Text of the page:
Billions of green, but drink responsibly

Published 9:45 pm Wednesday, March 14, 2018

Pints of Guinness and shots of Jameson while listening to Flogging Molly and Dropkick Murphys, all while wearing green T-shirts, hats and whatever else you can find on your way out the door. St. Patrick’s Day is once again upon us and this year is shaping up to be the biggest and greenest one yet.

An annual survey conducted by the National Retail Federation and Prosper Insights & Analytics asked 7,657 consumers about their St. Patrick’s Day plans from Feb. 2-13.

The survey found that more than 149 million U.S. adults plan to celebrate St. Patty’s this year, an approximate 10-million increase compared to last year. That’s likely because it’s the first time the holiday has fallen on a Saturday since 2012.

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But the survey also estimates that Americans will spend $5.9 billion on the holiday this year at nearly $40 per adult. That’s the highest level in the survey’s 14-year history.

“With winter hopefully winding down over the next few weeks, consumers are ready to start celebrating spring with St. Patrick’s Day,” National Retail Federation President and Chief Executive Officer Matthew Shay stated in a press release. “The holiday falls on a Saturday this year, so Americans will have more time to splurge a little as they get together with friends and loved ones for a day of festivities.”

Holiday plans vary from making a special dinner — about 31 percent in the survey — to a partying at a bar or restaurant, which accounted for 27 percent.

According to a report by WalletHub Senior Writer and Editor John Kiernan, the luck of the Irish will once again be poured into glasses aplenty. St. Patty’s is the fourth-most popular drinking day in the United States behind New Year’s Eve, Christmas and Independence Day.

About 153 percent more beer is sold on St. Patty’s than normal, and Guinness skyrockets in popularity with 819 percent more consumed on the day. Thirteen million pints of Guinness will be enjoyed worldwide, according to the report.

All of this revelry translates into big business for cities that accommodate these shenanigans.

“The economic benefits of St. Patrick’s Day are huge. In fact, in some places, it would be more accurate to talk of “St. Patrick’s Month,” Dermot Quinn, professor of history at Seton Hall University and author of “The Irish in New Jersey: Four Centuries of American Life,” told WalletHub.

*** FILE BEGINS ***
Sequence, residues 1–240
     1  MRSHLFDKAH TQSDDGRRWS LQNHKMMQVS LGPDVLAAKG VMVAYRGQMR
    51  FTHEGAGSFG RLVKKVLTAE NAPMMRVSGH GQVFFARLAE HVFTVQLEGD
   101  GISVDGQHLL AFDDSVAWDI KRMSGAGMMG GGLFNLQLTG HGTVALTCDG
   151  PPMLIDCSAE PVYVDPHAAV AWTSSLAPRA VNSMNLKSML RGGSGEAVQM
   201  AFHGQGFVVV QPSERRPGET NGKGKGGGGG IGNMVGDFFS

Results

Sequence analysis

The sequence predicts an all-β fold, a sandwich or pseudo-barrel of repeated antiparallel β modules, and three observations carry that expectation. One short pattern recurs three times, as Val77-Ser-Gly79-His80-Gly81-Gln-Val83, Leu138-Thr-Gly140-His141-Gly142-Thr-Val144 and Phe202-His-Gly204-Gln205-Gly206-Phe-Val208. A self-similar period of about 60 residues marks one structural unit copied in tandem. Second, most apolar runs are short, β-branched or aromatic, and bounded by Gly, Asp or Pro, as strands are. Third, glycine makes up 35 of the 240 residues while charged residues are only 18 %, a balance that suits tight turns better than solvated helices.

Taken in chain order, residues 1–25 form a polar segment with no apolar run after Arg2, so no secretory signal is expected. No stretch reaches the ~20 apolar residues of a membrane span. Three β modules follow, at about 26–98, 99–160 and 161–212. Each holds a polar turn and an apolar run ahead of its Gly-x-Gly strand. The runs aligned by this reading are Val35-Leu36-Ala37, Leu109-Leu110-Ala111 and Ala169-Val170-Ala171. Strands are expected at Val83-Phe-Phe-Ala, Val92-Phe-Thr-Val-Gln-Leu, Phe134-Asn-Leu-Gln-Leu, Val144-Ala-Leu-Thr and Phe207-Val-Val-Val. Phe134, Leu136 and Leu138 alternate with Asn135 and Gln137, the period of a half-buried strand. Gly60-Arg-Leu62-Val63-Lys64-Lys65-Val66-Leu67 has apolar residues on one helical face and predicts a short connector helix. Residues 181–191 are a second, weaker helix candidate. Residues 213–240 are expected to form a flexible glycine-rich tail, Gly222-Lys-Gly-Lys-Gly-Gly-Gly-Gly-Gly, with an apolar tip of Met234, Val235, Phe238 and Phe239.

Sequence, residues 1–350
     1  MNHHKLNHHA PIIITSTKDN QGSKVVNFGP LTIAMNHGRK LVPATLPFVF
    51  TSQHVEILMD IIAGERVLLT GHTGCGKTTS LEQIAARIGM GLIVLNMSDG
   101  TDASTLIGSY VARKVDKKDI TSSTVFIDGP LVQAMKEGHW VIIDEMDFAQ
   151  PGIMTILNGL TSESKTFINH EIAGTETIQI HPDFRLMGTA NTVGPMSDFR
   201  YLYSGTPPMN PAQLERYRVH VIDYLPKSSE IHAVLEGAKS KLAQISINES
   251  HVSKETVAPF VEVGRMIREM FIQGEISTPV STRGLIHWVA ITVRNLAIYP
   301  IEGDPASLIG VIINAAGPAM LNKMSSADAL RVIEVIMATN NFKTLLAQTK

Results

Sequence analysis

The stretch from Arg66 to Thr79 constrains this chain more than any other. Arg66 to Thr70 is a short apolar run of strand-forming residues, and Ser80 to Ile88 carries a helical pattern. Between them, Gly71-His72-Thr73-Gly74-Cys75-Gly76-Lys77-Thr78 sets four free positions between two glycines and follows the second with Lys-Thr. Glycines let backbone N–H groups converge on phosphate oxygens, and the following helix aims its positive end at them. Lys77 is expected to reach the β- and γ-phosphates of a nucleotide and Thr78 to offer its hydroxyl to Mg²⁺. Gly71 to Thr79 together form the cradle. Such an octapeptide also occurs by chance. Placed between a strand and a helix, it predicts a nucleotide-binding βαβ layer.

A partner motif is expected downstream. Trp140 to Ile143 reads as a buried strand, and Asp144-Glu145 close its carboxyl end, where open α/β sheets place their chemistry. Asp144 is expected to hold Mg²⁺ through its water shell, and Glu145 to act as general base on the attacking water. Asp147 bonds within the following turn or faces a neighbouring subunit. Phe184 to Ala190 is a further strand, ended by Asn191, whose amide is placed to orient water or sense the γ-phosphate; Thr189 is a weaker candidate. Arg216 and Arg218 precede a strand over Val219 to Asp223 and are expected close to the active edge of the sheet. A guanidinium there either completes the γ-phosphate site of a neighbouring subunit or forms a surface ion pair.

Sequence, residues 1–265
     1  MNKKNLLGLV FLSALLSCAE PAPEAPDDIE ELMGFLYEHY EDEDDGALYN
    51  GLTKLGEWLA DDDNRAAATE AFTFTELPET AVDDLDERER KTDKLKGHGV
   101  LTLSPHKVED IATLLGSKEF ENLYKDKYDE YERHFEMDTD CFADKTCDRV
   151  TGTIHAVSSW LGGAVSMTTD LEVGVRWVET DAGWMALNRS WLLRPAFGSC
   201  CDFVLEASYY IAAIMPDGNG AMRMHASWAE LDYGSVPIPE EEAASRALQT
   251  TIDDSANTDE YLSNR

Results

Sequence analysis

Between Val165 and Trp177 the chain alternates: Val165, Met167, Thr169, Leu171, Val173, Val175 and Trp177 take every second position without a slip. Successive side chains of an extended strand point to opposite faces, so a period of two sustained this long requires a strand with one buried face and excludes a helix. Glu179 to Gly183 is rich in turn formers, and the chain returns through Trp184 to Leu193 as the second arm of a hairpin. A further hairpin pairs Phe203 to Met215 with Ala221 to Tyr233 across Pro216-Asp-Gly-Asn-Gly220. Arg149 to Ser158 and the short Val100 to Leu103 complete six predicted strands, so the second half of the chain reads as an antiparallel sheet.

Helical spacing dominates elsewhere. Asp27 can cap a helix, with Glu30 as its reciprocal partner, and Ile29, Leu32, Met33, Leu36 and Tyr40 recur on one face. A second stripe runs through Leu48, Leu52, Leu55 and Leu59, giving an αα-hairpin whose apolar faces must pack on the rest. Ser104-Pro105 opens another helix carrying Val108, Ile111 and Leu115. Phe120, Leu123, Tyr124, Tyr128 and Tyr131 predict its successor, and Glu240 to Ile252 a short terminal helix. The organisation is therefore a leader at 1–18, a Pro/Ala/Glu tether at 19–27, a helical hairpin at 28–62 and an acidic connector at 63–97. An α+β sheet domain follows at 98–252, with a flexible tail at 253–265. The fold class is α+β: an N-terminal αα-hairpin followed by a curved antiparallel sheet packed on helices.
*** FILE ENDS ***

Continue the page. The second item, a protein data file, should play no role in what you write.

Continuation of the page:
“Think of the parade in New York City. With roughly 150,000 people taking part and upwards of 2 million spectators, you’re talking about hundreds of millions of dollars entering the local economy, from meals to drinks, hotel rooms, air fares, and tickets on the [Port of Authority of New York and New Jersey] from New Jersey to the [Long Island Rail Road] from Long Island.”

But when there’s drinking of this magnitude, there’s bound to be mistakes behind the wheel. There were reportedly 60 people killed in drunken-driving crashes on St. Patrick’s Day 2016, and 75 percent of fatal crashes involve a driver that’s consumed twice the legal limit.

In fact, every 36 minutes — when everyone is wearing green-tinted beer goggles — is the rate at which alcohol-induced car accidents claim lives during the holiday.

“Reducing alcohol-related difficulties on St. Patrick’s Day requires a few things,” according to Quinn. “A PR campaign beforehand reminding people that insobriety will ruin the day for oneself and for others; a stress on the family-friendly nature of the day; intelligent and thoughtful policing (i.e., nothing too heavy-handed); and an emphasis on self-policing (“friends don’t let friends drive drunk” — that sort of thing).”

My advice is to swallow the high surge prices for those Uber rides this Saturday and stay out of the driver’s seat if you plan to be one of the many celebrating with a beverage dyed green.